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Romney offers his prayers

Last modified: 7/21/2012 12:00:00 AM
Saying he stood before them not as a presidential candidate but as a husband and father, Mitt Romney yesterday offered prayers and condolences to the victims of a mass shooting at a Colorado movie theater.

"Our hearts break for the victims and their families," Romney said against a backdrop of an American flag and lumber stacks at Coastal Forest Products in Bow. "We pray that the wounded will recover and that those who are grieving will know the nearness of God."

In the days leading up to the New Hampshire event, the Romney campaign had clearly been preparing to talk about jobs, and President Obama's campaign was ready to talk about Romney's tax returns.

But after a masked gunman walked into a screening of the newly released Batman movie early yesterday, shot dozens of people and killed at least 12, the Obama campaign canceled all campaign events and Romney spoke only of the need for love and compassion.

"This is a time for each of us to look into our hearts and remember how much we love one another and how much . . . we care for our great country," Romney said. "There's so much love and goodness in the heart of America."

A Mormon church elder who rarely shows his spiritual side on the campaign trail, Romney encouraged his supporters to "offer comfort to someone near us who is suffering or heavy laden."

"The Apostle Paul explained, 'Blessed be the God who comforteth us in all our tribulations, that we may be able to comfort them which are in any trouble,' " Romney said. "What we do know is how evil is overcome, and we're seeing that greater power today in the goodness and compassion of a wounded community."

Moments of evil can leave one feeling not only grief-stricken, but helpless, Romney conceded.

"But there is something we can do," he said. "We can offer comfort to someone near us who is suffering or heavy laden. And we can mourn with those who mourn in Colorado."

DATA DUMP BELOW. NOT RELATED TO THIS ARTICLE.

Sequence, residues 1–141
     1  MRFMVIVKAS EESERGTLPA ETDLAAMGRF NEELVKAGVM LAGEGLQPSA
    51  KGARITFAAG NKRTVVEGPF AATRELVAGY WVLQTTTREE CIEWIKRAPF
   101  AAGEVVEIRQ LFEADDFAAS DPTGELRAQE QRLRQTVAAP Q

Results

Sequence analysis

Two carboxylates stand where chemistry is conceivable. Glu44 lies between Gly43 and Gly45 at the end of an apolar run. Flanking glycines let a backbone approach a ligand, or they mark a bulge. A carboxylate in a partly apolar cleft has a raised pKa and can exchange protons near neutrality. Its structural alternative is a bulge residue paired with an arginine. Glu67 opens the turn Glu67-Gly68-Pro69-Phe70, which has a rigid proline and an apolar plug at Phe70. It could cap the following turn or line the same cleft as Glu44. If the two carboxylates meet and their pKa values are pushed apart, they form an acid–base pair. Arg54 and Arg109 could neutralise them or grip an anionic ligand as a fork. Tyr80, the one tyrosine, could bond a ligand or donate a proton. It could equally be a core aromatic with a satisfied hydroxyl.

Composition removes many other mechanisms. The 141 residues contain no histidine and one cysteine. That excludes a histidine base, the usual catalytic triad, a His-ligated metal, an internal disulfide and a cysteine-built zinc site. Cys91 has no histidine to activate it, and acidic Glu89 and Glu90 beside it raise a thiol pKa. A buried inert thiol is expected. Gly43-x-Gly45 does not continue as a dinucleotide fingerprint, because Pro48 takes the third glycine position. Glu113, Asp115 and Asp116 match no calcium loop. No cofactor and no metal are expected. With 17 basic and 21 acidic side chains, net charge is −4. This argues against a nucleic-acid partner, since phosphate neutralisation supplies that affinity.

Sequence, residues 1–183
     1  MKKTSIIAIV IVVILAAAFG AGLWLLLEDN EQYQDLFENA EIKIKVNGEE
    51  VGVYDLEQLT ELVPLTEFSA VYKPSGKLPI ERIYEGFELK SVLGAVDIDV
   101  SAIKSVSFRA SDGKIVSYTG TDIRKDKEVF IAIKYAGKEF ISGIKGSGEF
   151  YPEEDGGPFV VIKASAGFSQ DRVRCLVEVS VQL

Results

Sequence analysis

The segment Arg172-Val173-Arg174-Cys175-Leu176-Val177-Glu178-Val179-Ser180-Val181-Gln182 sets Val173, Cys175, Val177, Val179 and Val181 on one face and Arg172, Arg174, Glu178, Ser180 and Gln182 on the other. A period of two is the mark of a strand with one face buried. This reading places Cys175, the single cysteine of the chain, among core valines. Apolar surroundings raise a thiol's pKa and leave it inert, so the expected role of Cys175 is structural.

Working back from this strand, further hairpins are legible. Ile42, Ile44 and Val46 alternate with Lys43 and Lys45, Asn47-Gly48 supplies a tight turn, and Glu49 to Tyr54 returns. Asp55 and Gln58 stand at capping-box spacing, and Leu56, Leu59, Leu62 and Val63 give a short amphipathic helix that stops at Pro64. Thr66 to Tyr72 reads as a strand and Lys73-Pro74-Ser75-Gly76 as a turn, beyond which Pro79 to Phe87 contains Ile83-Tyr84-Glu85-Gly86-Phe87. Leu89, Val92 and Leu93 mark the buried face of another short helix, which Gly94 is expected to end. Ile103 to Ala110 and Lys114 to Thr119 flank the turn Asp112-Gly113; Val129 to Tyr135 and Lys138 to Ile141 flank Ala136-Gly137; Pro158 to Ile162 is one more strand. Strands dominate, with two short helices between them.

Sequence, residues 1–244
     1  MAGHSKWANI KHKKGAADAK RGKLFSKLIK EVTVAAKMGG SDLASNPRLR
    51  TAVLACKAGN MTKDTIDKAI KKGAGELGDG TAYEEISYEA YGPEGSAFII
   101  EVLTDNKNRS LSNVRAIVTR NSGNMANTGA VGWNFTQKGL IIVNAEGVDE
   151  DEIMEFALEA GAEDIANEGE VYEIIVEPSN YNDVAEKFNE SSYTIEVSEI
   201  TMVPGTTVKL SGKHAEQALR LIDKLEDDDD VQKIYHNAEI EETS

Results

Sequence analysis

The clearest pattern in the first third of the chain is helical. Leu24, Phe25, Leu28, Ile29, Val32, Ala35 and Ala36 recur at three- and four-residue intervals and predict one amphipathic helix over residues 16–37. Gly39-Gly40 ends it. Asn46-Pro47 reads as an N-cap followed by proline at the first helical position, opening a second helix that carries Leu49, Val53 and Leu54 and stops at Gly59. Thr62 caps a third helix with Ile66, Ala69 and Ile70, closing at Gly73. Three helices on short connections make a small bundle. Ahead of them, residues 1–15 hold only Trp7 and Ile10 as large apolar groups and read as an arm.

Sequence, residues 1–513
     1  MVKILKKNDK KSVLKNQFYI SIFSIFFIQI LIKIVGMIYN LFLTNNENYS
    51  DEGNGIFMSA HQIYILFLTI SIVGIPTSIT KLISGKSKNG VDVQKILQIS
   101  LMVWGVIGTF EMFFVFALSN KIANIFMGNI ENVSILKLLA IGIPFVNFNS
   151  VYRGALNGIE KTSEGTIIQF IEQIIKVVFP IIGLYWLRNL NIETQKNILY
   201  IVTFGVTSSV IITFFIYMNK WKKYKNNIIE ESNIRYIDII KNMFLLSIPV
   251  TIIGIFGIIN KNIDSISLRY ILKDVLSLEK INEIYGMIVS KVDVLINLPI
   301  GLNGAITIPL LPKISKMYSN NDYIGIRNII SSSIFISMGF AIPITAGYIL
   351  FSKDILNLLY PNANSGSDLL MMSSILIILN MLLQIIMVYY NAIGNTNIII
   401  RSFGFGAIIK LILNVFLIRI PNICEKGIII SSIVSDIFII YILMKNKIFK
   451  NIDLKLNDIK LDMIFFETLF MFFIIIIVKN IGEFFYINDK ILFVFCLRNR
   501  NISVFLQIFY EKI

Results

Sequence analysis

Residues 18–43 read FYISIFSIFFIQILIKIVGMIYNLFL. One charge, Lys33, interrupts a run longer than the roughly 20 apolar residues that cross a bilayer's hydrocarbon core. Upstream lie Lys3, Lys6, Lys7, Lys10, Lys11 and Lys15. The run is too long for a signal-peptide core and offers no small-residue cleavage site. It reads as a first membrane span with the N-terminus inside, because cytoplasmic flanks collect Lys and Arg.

Romney, who often campaigns in rolled-up shirtsleeves, wore a tie and a navy blue blazer. The campaign played no music and hushed supporters who began getting restless as the sun began to beat down and the event fell behind schedule.

"We had a chant, but we didn't do it," said Nashua Republican Linda Twombly, 69, who hadn't heard about the shooting until she arrived at the Romney event. "They told us no."

The crowd hushed when an Anglican priest dressed in a white habit and sandals walked to the microphone.

Father Christian Tutor of All Saints Anglican Church in Concord later told reporters the campaign called him about 30 minutes before the event started because they wanted someone who could lead a prayer and make the event "a day of remembrance and of mourning."

Tutor encouraged the crowd of several hundred people to join him in prayer in whatever way was comfortable for them.

"We know that thou God, who are the designer and maker of all of us and the preserver of our nation, will give us the grace to move forward," Tutor said.

"We ask you, though, to comfort those who are now in sorrow and to give peace to all of us and to unite our nation underneath your great and holy name."

U.S. Sen. Kelly Ayotte introduced Romney and extended the prayers of the people in New Hampshire to the people of Aurora, Colo.

The entire event lasted less than 10 minutes, and Romney spoke for less than five.

After he walked off the stage, the crowd applauded and then fell quiet. They didn't move until a campaign aide gestured that it was okay to.

Then Romney, Ayotte and Tutor formed a receiving line, greeting and hugging voters, many of them smiling and laughing.

Twombly waited for a moment with the candidate. She said Romney's speech was "admirable."

"It showed he has a heart," she said.

(Molly A.K. Connors can be reached at 369-3319 or mconnors@cmonitor.com or on Twitter @MAKConnors.)


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